OPA informs the general public and potential customers of the availability of current Commission enforcement and disciplinary information through the National Futures Association's toll-free Customer Protection Information Hotline (800-676-4632). The Hotline helps customers verify the registration status and disciplinary history of firms and individuals in the commodity industry. OPA also provided information for a chapter on commodity investment fraud for inclusion in the 1998 edition of the Consumer Resource Handbook, which is published by the U.S. Office of Consumer Affairs.
OPA educates and informs the news media, potential customers, and the public about fraudulent commodity investment schemes. OPA works with organizations such as the U.S. Office of Consumer Affairs, the U.S. General Services Administration's Consumer Information Center, the Alliance Against Fraud in Telemarketing, the American Association of Retired Persons, Better Business Bureaus, and the National Consumers League. In addition, OPA makes a particular effort to target regional media outlets where the Commission has initiated enforcement actions.
During FY 1998, OPA informed the financial news media, both domestic and international, about new multilateral mechanisms for sharing information and overseeing markets, such as the Memorandum of Understanding signed between the CFTC, SEC, Bank of England, and the Financial Services Authority setting forth a pragmatic approach for cooperating and sharing supervisory information, and the publication by regulatory authorities from 15 jurisdictions of guidance papers to strengthen the supervision of the international derivatives markets.
OPA enhanced public outreach activities during FY 1998. The Office continued its efforts to streamline procedures to make no-action, interpretative, and exemption letters and other written communications more readily available to the public and the media. OPA worked closely with the Commission's advisory committees to provide information to participants and the media regarding advisory committee activities and deliberations, including minutes of the meetings. For example, during FY 1998, OPA assisted with media and external affairs related to a meeting of the Commission's Agricultural Advisory Committee at which the Commission detailed the specifics of a three-year pilot program for agricultural trade options. OPA prompted extensive media coverage of public meetings the Commission held in Washington, D.C., to discuss the Commission's concept release on over-the-counter derivatives and the application of the Cantor Financial Futures Exchange for designation as a contract market. OPA also handled the tremendous foreign and domestic media interest generated by the Commission's enforcement action against the Sumitomo Corporation of Japan.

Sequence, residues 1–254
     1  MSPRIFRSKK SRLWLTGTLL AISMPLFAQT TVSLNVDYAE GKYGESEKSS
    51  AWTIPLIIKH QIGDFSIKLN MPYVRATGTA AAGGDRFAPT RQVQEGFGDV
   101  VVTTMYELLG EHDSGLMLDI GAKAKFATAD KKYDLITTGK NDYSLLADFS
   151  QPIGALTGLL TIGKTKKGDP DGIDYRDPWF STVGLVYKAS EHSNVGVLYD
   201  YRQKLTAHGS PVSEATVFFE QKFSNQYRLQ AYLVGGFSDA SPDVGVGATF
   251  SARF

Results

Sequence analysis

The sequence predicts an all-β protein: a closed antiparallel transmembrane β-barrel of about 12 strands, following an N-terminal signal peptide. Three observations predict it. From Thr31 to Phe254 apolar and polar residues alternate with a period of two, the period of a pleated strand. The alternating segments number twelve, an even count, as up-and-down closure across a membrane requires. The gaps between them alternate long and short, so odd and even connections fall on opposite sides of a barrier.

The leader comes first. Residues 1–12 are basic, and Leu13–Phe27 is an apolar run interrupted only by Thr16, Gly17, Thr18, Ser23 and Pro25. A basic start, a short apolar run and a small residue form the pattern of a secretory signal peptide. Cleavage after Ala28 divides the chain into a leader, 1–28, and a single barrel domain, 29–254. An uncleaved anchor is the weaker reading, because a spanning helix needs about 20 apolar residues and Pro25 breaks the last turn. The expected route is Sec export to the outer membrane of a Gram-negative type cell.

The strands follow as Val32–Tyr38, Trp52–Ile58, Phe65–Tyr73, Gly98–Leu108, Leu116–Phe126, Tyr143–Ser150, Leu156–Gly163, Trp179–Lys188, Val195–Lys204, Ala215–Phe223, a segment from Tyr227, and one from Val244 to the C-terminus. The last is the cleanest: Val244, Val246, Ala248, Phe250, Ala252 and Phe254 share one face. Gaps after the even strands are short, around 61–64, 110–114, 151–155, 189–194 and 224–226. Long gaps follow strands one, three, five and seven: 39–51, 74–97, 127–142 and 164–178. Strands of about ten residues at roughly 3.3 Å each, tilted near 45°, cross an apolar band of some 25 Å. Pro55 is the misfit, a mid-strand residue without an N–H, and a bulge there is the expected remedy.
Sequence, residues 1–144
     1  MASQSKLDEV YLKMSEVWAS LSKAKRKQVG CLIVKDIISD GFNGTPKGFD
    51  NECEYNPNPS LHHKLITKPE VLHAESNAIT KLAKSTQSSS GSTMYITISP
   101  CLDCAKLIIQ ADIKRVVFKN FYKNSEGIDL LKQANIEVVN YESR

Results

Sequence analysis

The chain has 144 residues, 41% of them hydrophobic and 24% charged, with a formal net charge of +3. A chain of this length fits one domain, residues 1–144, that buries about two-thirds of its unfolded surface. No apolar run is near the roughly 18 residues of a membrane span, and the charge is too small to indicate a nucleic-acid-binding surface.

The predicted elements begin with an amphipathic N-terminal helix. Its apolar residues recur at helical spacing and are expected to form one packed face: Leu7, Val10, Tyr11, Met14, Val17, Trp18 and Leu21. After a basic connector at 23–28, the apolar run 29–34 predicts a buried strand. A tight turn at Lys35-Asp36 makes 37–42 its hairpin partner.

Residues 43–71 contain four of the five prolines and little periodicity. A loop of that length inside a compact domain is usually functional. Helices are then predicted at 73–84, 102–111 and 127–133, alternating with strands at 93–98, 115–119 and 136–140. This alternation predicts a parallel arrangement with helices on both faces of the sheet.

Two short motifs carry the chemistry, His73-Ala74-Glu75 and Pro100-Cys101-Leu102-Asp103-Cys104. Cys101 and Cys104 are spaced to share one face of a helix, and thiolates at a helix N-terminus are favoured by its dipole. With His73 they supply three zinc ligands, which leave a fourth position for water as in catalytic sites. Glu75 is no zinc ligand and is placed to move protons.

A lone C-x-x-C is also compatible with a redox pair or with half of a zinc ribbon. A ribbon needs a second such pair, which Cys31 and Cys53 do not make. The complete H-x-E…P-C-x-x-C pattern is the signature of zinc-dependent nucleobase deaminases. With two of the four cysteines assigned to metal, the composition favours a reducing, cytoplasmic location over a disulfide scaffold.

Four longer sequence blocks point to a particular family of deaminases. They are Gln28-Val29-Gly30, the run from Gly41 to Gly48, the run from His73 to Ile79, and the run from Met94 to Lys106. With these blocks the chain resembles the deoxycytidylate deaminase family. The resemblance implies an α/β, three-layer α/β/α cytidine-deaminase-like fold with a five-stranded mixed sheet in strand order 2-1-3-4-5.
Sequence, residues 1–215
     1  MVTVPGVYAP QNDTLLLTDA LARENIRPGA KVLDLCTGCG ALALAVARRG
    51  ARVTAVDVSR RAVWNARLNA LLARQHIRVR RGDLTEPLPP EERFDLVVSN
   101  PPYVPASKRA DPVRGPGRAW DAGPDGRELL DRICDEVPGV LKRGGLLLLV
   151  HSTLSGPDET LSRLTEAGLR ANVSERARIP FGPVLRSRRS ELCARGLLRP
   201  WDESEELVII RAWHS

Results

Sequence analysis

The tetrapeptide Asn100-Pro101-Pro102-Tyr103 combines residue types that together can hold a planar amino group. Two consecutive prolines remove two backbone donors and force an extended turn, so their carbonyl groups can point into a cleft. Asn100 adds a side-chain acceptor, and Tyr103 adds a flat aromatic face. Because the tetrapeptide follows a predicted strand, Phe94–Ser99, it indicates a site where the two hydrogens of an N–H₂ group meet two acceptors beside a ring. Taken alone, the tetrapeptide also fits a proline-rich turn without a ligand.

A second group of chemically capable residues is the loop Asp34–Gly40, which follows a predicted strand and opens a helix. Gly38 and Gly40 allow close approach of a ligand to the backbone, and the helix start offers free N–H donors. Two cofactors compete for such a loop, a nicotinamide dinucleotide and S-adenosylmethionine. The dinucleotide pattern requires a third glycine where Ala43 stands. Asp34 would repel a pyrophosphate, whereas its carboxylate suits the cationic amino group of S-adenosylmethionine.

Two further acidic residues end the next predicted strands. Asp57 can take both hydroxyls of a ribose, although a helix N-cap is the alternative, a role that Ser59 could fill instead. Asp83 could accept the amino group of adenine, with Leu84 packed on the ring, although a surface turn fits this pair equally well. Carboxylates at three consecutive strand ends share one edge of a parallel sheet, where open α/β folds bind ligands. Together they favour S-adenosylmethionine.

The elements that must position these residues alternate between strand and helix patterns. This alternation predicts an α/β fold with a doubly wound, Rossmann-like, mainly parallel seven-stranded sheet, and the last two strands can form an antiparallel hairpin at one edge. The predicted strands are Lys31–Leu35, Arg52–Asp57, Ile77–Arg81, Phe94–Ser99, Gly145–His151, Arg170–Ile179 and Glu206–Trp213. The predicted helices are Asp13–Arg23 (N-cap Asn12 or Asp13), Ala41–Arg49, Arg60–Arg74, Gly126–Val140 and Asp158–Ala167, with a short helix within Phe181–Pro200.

Office of the Secretariat
The Office of the Secretariat provides administrative support for official Commission activities. The Secretariat coordinates the preparation and dissemination of policy documents and controls the flow of information to the Commission. The Secretariat distributes official Commission documents to the staff, other government organizations, exchange officials, and interested members of the public.
The Secretariat coordinates and schedules the Commission's meetings and meeting agendas, ensuring that the Commissioners have time to review all relevant materials prior to each meeting. The Secretary attends and tapes all Commission meetings and maintains the official minutes of the meetings. Some meetings, such as those concerning market surveillance, enforcement, or adjudicatory matters, are closed to the public by law. Other meetings are open to the public, with audio/video recording and photography allowed.
One day before an open meeting, the Secretariat releases documents to be discussed in the meeting. Following the meeting, the Secretariat provides transcripts, cassette recordings or minutes of the meeting upon request. The Secretariat also monitors Commission compliance with the Government in the Sunshine Act as it applies to all meetings attended by a quorum of Commissioners. During FY 1998, the Commission held 62 meetings.